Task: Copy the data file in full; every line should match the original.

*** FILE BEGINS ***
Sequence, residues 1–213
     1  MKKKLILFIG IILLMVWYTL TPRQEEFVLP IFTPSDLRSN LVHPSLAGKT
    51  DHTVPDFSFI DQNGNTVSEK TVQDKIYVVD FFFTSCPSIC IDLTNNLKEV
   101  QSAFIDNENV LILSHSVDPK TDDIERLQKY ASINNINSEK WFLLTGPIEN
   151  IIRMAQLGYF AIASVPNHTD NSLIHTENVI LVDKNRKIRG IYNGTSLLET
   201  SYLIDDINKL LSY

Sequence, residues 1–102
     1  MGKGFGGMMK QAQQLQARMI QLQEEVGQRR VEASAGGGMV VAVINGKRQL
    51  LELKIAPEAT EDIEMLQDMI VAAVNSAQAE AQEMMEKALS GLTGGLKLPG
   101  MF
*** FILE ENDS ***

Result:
Sequence, residues 1–213
     1  MKKKLILFIG IILLMVWYTL TPRQEEFVLP IFTPSDLRSN LVHPSLAGKT
    51  DHTVPDFSFI DQNGNTVSEK TVQDKIYVVD FFFTSCPSIC IDLTNNLKEV
   101  QSAFIDNENV LILSHSVDPK TDDIERLQKY ASINNINSEK WFLLTGPIEN
   151  IIRMAQLGYF AIASVPNHTD NSLIHTENVI LVDKNRKIRG IYNGTSLLET
   201  SYLIDDINKL LSY

Sequence, residues 1–102
     1  MGKGFGGMMK QAQQLQARMI QLQEEVGQRR VEASAGGGMV VAVINGKRQL
    51  LELKIAPEAT EDIEMLQDMI VAAVNSAQAE AQEMMEKALS GLTGGLKLPG
   101  MF